KS: Everything was perfect. As we kept in contact using the email and Skype, we had to consider the different time-zones, and this allowed me to work in my studio and send the daily cues to New York by mail at the end of the day and go to sleep; the morning after I would receive Signe’s feedback, be able to make adjustments and send them back. It was really smooth! When I was sleeping Signe was working and vice versa, but there were times when both of us were working! It’s a really clever solution, and that’s one of the reasons why I like so much to work on overseas projects.
Did you give each character special themes? If so, which was your favorite character to score for?
KS: Yes, every character has his or her specific theme, it was a chance I didn’t wanted to miss. Nowadays, soundtracks are so buried and hidden in the mix that music has become a sort of sonic wallpaper, really inconsistent. What you hear is “pads” and soundscapes, you can’t catch a single melody when you are out of the theatre. I love the soundtracks that can live a life out of the movies (as Morricone taught me). My favorite theme is “Anna’s Theme”, because she is a great character, really complex. At first I had some trouble finding the right theme for her, I needed something that was joyful, uplifting and dramatic at the same time… a real challenge. In the end it worked so well that I’ve used it extensively all over the movie, in little cues with different arrangements (for solo piano, for two instruments and so on). At the very end of the movie you can listen to the full track with orchestral arrangements. Some critics wrote that this piece reminds a little of the works Nino Rota composed for Fellini, and I’m very proud of this… of course.
You have sc
ored a lot of horror films in the past and the genre for this film is very different. Where did you get the inspiration for the tone for this film?
KS: When I score a movie my focus is on the characters and the story, so I really don’t worry about the genre of the movie. If there’s a great story to tell and it is written well then it’s something that I’m interested in working on. That being said, the inspiration comes directly from the beautiful images Signe drew and from her way to tell the story. The voice-over you hear in the movie was recorded by Signe herself, so it was easy to connect to such a personal and deep story, as the anecdotes narrated are the stories of Signe’s family and her personal fight against depression.
Which composer would you say has the most influence on your music?
KS: John Williams. He is the main reason I got interested in film music. Then, Bernard Herrmann and Nino Rota, to follow.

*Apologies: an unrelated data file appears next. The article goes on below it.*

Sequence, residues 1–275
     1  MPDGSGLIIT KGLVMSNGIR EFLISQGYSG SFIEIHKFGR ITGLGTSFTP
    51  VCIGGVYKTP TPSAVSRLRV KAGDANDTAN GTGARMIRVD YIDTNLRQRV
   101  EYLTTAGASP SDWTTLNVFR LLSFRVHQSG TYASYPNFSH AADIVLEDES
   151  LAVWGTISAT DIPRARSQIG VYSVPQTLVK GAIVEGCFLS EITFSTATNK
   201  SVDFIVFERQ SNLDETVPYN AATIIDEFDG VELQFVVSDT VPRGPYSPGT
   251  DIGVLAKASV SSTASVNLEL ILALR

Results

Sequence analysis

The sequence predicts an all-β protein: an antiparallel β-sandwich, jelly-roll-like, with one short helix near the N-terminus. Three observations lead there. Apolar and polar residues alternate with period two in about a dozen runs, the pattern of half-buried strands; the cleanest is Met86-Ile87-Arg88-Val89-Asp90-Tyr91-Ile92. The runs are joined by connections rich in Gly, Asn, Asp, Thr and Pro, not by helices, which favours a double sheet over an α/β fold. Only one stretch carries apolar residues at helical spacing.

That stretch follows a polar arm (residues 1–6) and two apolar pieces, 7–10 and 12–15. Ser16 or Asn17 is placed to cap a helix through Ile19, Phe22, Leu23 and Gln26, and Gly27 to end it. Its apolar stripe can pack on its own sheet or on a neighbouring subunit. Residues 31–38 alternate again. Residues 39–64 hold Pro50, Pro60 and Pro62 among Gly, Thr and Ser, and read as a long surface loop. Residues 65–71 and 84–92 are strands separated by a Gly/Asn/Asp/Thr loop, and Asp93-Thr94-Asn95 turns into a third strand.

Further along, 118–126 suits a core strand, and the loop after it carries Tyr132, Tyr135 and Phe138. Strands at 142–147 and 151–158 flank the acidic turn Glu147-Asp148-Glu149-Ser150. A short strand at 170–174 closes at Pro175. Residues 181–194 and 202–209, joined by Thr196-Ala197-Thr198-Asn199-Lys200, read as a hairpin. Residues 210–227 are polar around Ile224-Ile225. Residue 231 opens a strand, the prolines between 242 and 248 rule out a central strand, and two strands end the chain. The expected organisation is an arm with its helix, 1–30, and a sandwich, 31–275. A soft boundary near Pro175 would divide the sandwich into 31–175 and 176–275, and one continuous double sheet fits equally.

Is there a genre that you would love to work in film scoring, which would it be?
KS: Anything which has a good script and is a work of art. We are in this world to learn lessons and feel emotions, so I’d choose everything with a good and clever storytelling. Also, I hope to find more animation movies to work on in the future, the people involved in this genre are the best, they’re great and imaginative artists who work for years on a single project and really care about it.
What is your favorite film that you’ve scored so far in your career?
KS: “Rocks in my Pockets”, no doubt about it.
If a project came along that you would get really excited about, what would it be?
KS: As member of the audience I’m really excited about the upcoming “Peanuts” movie (even more than Star Wars VII and I’m a HUGE SW nerd). Talking about my contribution as composer to a potential project, I would be excited to work on a good biopic (the story of Nikola Tesla could be a great one) like “The Imitation Game” or any sort of historical movie.
Are you currently working on any projects?
KS: I’m working on a couple of interesting projects and pitching some others but I really can’t tell you which ones, I’m really superstitious and each time I’ve talked about an upcoming project in an interview, well… it didn’t end well! I’ve had my amount of rejected scores as each and every film composer on Earth (except for John Williams, clearly).
Very special thanks to Kristian for being so gracious with his time for doing this interview together and let’s do it again after you win and Oscar! Also very special thanks go to Jordan Von Netzer for the major assist on this one. I definitely owe you one!
The soundtrack to “Rocks In My Pockets” is available from MovieScore Media on iTunes https://itunes.apple.com/us/album/rocks-in-my-pockets-original/id923017808
KRISTIAN SENSINI BIO
“Composer for film specializing in Thriller, Drama, Fantasy and Documentary. He is a Piano and Flute player with Classical and Jazz Background studies, with credits for Movies in Italy and USA. His music is present in the best Music Library worldwide specialized in movie music (credits Rai and Mediaset, the biggest Television Network in Italy). From 2010 Sensini received a total of 9 Nominees for Best Score (categories Feature Film, Documentaries, Promotion, Best Song, Best Short) at the Jerry Goldsmith International Film Music Award.
In 2013 he won the Global Music Award for the soundtrack of the horror movie “Hyde’s Secret Nightmare” Sensini studied at Conservatory “G. Rossini” (Italy) composition, arrangements, piano and classical flute. He’s attended Master classes and Composition Workshops with Ennio Morricone, Ludovic Bource, Nicola Piovani, Michael Giacchino, Bruno Coulais, Abel Korzeniowski, Murray Gold, Nathan Barr, Dave Grusin and Christopher Lennertz.
He also studied Orchestration and Composition with Conrad Pope, orchestrator for John Williams, Howard Shore, Alexandre Desplat, Alan Silvestri.”